Switch to Accessible Site

Look and you will find -


what is unsought

will go undetected

Couple Riding Bikes


How does psychotherapy help with emotional issues?

By learning -- it can be cathartic, relieving, and at times painful... with lasting Insights, awareness, tools.  Can you recall a memory when you wanted to learn something new?  The longer you thought about it, the more impossible it seemed.  Then you did it -- perhaps in baby steps, becoming more and more competent.  Do you remember the sense of deep satisfaction and accomplishment that gave you?  That's what you'll feel in psychotherapy.

Empowering first step
The goal from the beginning is to get you to take control of your own life.  To be empowered and relieved.  In our first meeting, we'll see whether we are a good fit, discuss problems and strengths,  and set goals with a rough plan of action. Throughout therapy, I offer guidance, honest feedback,  and a supportive environment with warmth, empathy, humor, intuition, expertise.

Focus on Priorities
After the initial evaluation, our immediate priority is  your safety, managing any potential crisis, and providing you with helpful tools.   Since lifestyle contributes to anxiety and mood disturbances, we'll look at your daily habits in terms of nutrition, exercise, sleep, meditation, hobbies, and relationships, and make a plan to implement changes, if necessary.  (I may refer some clients to a psychiatrist to determine whether symptoms have a physical cause; in those cases, medication enhances therapy.)  
Foster Insights and Self-awareness
Now, it's time to do deeper work and explore together how past experiences and family culture have shaped your distressing emotional reactions.  Often they're based on automatic assumptions and  mistaken realities (catastrophizing, generalizing, etc.) that were developed as far back as childhood.  Once you understand the causes of your inner blocks, you start healing.  Over time, your subconscious adapts to these insights and lets you develop healthier coping mechanisms.  In parallel, you learn to pay attention to painful feelings.  Instead of avoiding them (ignoring, denying, acting out etc.), you learn to deal with them.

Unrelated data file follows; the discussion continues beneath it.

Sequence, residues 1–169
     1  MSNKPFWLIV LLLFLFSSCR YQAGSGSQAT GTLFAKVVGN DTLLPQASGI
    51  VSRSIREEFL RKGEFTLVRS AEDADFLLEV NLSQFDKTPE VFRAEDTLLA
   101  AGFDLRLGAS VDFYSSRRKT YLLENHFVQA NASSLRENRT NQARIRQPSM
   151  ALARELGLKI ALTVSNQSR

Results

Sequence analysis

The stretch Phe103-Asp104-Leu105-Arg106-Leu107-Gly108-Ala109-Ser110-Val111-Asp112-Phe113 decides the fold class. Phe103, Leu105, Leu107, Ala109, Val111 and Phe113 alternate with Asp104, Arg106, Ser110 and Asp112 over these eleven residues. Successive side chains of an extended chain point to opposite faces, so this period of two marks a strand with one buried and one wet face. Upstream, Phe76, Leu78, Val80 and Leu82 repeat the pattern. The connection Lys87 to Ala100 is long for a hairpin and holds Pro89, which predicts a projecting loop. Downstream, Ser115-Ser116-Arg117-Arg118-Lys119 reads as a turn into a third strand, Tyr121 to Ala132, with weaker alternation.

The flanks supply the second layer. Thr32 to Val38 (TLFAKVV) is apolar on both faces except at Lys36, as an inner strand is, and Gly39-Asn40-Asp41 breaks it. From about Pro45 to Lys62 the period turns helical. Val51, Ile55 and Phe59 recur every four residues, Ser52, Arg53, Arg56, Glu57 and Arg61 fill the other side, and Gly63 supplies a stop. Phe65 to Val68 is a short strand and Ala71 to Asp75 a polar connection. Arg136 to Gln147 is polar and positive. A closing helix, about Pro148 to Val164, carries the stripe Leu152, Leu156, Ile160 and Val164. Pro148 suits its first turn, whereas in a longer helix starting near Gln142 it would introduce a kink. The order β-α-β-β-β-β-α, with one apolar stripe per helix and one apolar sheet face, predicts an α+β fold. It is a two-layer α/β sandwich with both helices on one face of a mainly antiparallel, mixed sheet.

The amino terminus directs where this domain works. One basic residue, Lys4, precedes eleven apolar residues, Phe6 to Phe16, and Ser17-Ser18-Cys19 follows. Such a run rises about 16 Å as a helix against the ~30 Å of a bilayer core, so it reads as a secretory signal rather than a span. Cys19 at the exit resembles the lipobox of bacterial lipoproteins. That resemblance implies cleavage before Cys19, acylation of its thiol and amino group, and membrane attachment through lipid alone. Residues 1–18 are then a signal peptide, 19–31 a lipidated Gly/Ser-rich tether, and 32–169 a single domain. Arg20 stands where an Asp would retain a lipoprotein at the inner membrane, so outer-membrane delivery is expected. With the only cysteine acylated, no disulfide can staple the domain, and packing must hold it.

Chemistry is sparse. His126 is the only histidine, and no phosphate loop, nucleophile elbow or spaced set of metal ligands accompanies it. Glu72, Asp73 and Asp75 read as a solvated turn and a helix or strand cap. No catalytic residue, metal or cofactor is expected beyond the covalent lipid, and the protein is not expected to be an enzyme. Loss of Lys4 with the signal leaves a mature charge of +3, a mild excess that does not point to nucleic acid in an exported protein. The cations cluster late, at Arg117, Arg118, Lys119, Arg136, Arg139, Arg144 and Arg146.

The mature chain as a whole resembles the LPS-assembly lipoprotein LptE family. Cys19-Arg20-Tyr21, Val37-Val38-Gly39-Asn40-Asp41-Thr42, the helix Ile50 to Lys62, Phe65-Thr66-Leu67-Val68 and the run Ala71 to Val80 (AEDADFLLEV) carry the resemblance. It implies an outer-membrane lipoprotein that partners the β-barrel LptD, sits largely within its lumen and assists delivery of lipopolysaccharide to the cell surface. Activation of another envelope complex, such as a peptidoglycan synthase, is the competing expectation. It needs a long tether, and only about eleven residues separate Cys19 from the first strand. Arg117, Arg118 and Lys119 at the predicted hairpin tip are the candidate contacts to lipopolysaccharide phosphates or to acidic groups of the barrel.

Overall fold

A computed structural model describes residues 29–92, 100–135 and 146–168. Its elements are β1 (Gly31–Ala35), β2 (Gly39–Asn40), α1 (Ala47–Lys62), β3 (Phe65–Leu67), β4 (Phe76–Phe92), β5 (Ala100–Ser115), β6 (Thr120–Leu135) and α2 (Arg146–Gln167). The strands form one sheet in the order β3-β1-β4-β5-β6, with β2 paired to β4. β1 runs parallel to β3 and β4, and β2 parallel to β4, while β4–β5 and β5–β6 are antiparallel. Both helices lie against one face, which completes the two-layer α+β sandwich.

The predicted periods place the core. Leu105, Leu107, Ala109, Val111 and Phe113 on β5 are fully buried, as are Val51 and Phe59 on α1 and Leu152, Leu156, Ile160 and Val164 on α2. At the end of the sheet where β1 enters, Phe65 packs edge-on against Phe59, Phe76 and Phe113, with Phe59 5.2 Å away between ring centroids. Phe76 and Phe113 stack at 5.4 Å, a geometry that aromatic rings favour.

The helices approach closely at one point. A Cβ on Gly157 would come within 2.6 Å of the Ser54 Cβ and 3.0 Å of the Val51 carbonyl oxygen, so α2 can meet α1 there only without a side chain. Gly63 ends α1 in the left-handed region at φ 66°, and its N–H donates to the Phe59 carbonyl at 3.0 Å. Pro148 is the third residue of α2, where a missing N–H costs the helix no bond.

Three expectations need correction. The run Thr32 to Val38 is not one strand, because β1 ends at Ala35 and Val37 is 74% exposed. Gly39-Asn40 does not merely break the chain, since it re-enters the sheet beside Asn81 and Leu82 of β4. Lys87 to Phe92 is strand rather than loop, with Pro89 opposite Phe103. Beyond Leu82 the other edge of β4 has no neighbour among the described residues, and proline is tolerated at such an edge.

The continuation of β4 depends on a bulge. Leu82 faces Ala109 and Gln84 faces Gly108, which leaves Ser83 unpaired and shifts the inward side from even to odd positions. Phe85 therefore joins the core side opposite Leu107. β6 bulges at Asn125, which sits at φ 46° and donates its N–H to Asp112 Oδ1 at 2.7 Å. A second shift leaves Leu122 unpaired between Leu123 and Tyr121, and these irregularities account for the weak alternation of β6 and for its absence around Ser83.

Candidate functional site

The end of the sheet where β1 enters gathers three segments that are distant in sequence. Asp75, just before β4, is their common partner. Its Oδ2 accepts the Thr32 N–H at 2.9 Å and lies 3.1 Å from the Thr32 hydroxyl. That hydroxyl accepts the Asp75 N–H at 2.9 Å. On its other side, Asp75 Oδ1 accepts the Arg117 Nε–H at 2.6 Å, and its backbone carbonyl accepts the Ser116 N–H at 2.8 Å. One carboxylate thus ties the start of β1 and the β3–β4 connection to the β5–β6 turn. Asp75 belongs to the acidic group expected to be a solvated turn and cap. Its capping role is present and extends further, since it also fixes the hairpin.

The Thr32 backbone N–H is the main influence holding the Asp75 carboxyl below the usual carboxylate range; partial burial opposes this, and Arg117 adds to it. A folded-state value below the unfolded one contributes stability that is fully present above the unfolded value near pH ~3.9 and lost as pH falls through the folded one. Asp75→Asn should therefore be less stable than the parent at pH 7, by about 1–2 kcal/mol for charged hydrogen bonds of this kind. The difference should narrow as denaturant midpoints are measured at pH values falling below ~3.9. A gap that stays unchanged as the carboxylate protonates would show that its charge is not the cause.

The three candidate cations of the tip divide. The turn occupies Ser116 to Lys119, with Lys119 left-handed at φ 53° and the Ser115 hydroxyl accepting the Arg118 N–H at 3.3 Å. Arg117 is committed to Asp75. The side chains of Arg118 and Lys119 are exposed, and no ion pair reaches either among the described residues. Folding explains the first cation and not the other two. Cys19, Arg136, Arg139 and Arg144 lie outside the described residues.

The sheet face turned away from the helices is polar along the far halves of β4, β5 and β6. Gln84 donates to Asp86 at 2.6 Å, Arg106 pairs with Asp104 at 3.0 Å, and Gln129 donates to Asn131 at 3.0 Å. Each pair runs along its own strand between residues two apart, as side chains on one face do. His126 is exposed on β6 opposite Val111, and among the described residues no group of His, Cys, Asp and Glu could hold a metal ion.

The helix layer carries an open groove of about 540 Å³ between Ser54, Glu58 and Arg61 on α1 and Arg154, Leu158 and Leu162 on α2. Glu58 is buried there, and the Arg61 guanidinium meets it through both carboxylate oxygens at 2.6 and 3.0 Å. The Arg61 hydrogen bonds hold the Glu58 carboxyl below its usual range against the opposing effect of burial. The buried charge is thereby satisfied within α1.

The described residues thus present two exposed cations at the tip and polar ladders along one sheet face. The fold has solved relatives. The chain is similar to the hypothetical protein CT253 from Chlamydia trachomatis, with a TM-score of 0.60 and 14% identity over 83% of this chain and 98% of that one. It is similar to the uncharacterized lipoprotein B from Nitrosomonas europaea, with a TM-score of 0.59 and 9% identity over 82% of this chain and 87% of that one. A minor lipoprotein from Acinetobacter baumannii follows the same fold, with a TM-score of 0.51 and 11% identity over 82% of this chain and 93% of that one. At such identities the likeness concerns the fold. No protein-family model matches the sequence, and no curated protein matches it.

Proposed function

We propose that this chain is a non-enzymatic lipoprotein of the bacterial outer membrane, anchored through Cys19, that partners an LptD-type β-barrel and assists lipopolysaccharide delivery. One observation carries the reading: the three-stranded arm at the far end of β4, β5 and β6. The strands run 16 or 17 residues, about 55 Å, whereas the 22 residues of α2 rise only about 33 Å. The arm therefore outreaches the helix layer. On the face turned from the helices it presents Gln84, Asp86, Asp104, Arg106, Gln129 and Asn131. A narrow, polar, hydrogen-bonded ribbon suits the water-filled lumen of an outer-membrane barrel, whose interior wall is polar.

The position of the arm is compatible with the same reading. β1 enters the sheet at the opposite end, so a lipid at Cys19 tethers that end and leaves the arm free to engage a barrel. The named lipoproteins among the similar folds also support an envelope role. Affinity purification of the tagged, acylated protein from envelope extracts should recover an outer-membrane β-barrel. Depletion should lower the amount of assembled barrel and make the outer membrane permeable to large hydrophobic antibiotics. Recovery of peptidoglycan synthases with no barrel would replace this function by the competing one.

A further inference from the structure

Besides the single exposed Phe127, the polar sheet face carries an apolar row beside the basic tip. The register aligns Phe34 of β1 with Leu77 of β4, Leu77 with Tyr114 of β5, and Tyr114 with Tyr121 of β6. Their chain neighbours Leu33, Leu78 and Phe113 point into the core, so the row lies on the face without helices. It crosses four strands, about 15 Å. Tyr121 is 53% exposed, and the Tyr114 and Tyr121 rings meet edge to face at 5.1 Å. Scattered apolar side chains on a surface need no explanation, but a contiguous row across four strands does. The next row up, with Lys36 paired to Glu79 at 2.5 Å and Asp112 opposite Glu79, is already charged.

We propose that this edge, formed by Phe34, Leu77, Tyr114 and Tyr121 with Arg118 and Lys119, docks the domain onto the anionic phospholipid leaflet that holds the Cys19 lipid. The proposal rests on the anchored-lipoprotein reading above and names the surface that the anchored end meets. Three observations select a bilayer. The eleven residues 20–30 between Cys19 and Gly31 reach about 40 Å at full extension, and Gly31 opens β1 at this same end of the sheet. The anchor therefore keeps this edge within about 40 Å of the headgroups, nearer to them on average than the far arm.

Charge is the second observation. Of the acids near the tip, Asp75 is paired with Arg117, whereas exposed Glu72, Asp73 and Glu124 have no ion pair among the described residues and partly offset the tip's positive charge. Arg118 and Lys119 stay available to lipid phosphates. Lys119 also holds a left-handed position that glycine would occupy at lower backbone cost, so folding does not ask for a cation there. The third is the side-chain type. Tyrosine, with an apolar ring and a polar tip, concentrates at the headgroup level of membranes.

Breaking free
You increasingly know your reactive patterns and underlying issues, can link them to past experiences or trauma, let go of most of them.   This sometimes feels awkward because the old "me" wants to do the same old familiar self-destructive thing.   With continuous practice, this changes for the better, and you break free.  

The underlying goal of our work is to awaken your own resources and free yourself from internal blocks in order to achieve self-confidence and self-reliance. Through client feedback and my own personal experience, I know that therapy is a liberating  journey, putting you in touch with your true self and potential.

How the past can shape you
A father pays (for his own reasons) no attention to his son.  No physical affection. This child may conclude: "I'm a failure, what's wrong with me?" The misleading assumption is:  "I have to be perfect, make no mistakes."  In adulthood, these unmet needs for love and  validation in the past can be self-defeating:  obsessing with what people think, how to please them, becoming upset when criticized or ignored.